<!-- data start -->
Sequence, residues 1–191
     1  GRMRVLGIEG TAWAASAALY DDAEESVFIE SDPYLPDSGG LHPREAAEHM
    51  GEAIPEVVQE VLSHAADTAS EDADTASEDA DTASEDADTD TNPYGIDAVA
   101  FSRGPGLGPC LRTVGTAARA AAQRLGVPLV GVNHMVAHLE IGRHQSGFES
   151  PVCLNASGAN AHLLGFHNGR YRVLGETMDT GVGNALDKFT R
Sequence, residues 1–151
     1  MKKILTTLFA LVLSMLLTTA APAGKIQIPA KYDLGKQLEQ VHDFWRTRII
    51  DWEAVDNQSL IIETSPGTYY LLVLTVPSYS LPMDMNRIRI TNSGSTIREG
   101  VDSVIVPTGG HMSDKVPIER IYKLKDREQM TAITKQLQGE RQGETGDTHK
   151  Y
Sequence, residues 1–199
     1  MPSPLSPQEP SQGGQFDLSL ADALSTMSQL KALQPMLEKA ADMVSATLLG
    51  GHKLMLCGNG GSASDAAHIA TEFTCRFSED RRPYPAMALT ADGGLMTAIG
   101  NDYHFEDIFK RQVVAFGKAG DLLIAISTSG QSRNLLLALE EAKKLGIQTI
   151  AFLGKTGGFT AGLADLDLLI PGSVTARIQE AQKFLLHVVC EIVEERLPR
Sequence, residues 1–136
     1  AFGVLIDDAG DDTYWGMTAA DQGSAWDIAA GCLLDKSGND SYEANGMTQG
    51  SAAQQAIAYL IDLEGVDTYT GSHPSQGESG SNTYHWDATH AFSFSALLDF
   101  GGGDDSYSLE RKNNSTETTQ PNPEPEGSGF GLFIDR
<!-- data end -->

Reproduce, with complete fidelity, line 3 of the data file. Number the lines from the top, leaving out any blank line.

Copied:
    51  GEAIPEVVQE VLSHAADTAS EDADTASEDA DTASEDADTD TNPYGIDAVA